“Listicles” Vs. Journalism

I’m really not a fan of “listicles.” Yes, they’re easy to read, very clickable and sometimes addicting, but they’re also mindless and completely absent of any real, substantive information.

I’ll always love newspapers, I’ll always have respect for the newspaper industry, and I’ll always despise the foolish route that much of journalism has now taken.

I don’t believe a list filled with pictures about what to do with $1000, courtesy of Time, is journalism. Journalism shouldn’t yield to the level of America’s uninformed people; it should rise to the occasion to change that dynamic, and make all those uninformed aware of what is going on in our world.

That being said, I think it is possible to do real journalistic work through pictures, in a list-type form. But I haven’t found any yet. Maybe I just don’t where to look, because BuzzFeed and Time have not showed me anything substantial.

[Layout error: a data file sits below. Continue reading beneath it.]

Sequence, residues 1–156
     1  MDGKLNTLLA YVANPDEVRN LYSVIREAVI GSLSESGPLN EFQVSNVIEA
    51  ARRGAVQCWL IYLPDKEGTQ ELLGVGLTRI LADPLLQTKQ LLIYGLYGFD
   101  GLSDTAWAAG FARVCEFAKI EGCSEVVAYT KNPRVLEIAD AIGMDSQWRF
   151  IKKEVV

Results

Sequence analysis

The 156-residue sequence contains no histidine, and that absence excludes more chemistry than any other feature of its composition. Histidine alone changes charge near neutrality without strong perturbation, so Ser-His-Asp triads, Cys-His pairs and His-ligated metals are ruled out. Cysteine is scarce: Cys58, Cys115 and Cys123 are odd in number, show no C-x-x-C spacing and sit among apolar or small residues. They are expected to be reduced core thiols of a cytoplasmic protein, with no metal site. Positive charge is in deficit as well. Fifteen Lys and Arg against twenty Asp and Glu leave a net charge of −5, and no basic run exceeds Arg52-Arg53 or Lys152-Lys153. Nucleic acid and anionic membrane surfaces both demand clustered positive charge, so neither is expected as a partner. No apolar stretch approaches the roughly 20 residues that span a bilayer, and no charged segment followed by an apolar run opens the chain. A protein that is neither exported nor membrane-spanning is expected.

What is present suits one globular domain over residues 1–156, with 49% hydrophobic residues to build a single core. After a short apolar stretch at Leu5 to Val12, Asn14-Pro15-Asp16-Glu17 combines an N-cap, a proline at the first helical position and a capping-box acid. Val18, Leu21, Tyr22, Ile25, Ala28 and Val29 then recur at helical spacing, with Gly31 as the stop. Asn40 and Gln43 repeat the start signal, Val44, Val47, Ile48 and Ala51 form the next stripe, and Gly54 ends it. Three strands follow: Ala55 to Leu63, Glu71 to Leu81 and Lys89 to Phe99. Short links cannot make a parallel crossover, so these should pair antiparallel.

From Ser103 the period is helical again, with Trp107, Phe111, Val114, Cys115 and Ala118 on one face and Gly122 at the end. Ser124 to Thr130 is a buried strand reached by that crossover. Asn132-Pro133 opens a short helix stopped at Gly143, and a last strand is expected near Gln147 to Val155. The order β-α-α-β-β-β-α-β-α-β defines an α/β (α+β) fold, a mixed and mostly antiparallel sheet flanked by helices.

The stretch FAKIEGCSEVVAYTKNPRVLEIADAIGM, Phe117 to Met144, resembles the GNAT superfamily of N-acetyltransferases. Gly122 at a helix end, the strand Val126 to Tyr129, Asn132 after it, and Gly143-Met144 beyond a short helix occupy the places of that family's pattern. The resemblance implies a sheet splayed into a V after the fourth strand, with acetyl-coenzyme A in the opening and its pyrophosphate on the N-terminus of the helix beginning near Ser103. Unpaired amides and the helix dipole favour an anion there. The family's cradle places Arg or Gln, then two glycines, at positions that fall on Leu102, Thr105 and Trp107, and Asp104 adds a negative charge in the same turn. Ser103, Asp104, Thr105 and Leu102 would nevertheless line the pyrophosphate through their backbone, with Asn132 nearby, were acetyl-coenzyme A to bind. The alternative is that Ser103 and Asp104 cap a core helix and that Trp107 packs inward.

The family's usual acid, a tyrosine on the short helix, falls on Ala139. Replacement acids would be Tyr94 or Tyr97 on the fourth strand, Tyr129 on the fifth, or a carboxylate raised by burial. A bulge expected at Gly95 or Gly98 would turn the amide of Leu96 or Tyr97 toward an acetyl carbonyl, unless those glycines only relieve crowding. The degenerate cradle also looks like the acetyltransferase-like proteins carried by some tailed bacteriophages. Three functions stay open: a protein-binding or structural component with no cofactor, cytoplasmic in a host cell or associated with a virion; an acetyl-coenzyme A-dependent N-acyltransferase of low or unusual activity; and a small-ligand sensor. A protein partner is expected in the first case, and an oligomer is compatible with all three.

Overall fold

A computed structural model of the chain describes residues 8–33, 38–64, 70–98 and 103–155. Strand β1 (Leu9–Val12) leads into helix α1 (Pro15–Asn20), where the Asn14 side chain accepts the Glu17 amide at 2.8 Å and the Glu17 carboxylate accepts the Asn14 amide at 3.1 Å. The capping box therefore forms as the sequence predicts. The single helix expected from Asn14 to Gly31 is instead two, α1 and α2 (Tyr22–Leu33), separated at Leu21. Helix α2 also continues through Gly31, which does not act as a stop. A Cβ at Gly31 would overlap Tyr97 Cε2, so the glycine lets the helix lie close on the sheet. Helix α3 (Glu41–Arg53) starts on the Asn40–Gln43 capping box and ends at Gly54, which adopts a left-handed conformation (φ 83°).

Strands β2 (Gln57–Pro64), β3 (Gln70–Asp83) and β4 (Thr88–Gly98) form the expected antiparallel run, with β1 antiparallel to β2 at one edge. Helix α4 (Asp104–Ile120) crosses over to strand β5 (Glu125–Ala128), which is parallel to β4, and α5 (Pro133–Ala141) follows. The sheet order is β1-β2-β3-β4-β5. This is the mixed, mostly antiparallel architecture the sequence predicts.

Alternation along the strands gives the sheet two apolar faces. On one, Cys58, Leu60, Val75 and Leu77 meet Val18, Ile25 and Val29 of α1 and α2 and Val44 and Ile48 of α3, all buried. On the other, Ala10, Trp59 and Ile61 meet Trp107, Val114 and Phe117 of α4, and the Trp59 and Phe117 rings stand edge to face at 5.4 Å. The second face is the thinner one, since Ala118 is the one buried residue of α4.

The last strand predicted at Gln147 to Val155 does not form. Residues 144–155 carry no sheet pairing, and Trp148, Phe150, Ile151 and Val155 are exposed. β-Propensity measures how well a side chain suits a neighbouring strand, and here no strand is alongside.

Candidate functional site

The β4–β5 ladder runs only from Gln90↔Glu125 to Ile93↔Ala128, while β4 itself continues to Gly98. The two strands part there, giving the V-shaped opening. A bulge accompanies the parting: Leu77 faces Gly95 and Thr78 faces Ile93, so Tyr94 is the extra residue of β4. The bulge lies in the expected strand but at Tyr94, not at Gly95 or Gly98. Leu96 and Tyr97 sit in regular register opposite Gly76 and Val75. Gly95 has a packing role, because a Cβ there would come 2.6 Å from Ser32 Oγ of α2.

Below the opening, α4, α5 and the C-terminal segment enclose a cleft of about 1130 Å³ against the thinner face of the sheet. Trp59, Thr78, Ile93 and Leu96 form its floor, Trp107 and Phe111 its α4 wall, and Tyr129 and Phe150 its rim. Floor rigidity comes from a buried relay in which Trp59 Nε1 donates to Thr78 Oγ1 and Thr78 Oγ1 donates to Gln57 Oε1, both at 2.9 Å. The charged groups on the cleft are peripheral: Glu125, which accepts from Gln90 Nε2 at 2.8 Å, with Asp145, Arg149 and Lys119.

On the birthplace for listicles—BuzzFeed—I found “This Suicide Prevention Site Is Really Funny And It’s Working”. Published on Feb. 24, this listicle, written by Morgan Shanahan, is about a suicide prevention site for men, called mantherapy.org.

Screen Shot 2015-02-24 at 8.25.44 PM
From BuzzFeed

 

It’s a good idea—because as the website suggests—men are often held to a higher standard for mental-health related issues. But they shouldn’t be.

It’s also good because it links off to official, government-run websites, like the CDC,

Screen Shot 2015-02-24 at 8.25.59 PM
From BuzzFeed

 

Following the listicle, which is silly in its tone— but I guess its better to be talked about and reach a larger audience through BuzzFeed, than to not be talked about at all—it lists suicide prevention hotline numbers as well as a link to survivors’ stories.

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